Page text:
Choosing a savings account can be a bit baffling, but that's where our handy decision tree comes in. Simply answer a few quick questions about your savings habits, and we'll guide you towards the right type of account for you.
Compare savings accounts
What is a savings account?
A savings account is a bank or building society account that pays interest on your money. It’s a good way to make your cash work harder than it might do in a current account, Some current accounts pay attractive rates of interest but usually have conditions attached, such as having to pay in a certain amount each month and running direct debits.
Using a savings account
While a current account is for every day banking, a savings account enables you to set money aside for a future goal, or simply build a rainy day fund or nest egg. You choose the type of saving account that suits your requirements.
Easy access accounts
If you think you’ll need to access your savings at short notice, an easy access savings account could be a good option. These are often the best savings accounts for savers who want to withdraw their cash with little or no notice, however this flexibility means interest rates are often less competitive.
You can open this type of account through MoneySuperMarket. We can show you all the easy access savings accounts on the market, but we can only help you to open some of them.
Fixed rate bonds
Fixed rate bonds are savings accounts that usually pay a set rate of interest, agreed at the beginning, for a certain period of time. They generally offer higher interest rates than easy access accounts, especially if you opt for a fixed rate bond that lasts for two years or more. But, you’ll pay a penalty if you need to make a withdrawal within the fixed term.
Cash ISAs will help you to take advantage of your annual tax-free ISA allowance: you can invest up to £20,000 and pay no tax on the returns. Some cash ISA accounts also allow you to transfer in money invested in the previous tax year so you can maximise returns on your tax-free savings.
Fixed rate cash ISAs
A fixed rate cash ISA will pay a guaranteed amount of interest for a set length of time. This could be one of the best savings accounts if you want to take advantage of your tax-free cash ISA allowance and can afford to lock your savings away for a few years.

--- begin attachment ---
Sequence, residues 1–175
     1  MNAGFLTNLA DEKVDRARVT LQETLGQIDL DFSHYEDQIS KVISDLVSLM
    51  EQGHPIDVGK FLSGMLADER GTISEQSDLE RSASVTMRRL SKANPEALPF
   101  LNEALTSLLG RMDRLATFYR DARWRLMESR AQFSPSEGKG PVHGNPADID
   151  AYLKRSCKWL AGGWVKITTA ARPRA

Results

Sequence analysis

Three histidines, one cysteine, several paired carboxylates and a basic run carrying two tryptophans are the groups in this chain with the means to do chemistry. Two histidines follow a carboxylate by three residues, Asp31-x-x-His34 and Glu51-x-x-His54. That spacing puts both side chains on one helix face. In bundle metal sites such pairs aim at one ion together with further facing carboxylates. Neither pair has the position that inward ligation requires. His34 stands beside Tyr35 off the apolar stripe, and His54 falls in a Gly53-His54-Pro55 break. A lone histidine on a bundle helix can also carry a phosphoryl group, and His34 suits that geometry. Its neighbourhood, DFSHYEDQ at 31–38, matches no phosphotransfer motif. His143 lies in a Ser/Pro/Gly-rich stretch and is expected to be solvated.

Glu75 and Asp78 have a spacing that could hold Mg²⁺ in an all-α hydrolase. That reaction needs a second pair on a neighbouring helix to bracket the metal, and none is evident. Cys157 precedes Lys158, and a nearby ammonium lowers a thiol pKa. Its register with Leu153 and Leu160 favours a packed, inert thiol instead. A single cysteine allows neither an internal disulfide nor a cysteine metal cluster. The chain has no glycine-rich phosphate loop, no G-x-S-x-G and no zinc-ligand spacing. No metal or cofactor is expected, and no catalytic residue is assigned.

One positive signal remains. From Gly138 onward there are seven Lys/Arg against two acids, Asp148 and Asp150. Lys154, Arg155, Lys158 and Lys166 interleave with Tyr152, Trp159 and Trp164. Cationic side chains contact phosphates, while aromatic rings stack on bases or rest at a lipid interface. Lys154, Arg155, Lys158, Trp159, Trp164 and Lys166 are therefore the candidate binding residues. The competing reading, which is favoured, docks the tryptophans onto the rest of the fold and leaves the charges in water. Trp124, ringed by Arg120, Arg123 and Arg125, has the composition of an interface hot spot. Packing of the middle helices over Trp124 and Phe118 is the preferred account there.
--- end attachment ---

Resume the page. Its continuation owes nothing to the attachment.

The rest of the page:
If you want to be able to dip into your savings but don’t necessarily need immediate access, you might find that one of the best savings accounts could be a notice account. These pay a higher rate of interest than easy access accounts, but it takes longer to get your cash.
Children’s savings accounts
Even children can earn interest on their savings, and getting them a savings account is one way to get them more money-savvy earlier in life.
Offshore savings accounts
Offshore savings accounts can be useful if you live abroad or earn money in a different currency. However, they’re not usually protected by UK compensation rules.
Business savings accounts
Business owners have a lot to think about, from managing staff and clients, to sorting out cash flow. A good business savings account could help you to run your business more efficiently.
Which savings account is right for you?
There are various types of savings account you can compare and choose from, including easy access accounts, ISAs, fixed rate bonds and more.
It’s important to make sure your money is working as hard as possible, so regularly check you’re on the best savings rate.
These are the accounts available to open through MoneySuperMarket. We can show you all the accounts on the market, but we can only help you to open some of them.
Not sure what type of account to go for? Our Savings Decision Tree can help you decide.
Set a goal
When you’re choosing a savings account, having a goal in mind can help you decide what type of account is right for you. For example, if it’s an emergency fund you need easy access to your money, but with a long term target in mind you might go for something that rewards you for leaving your money alone.
How much should I save?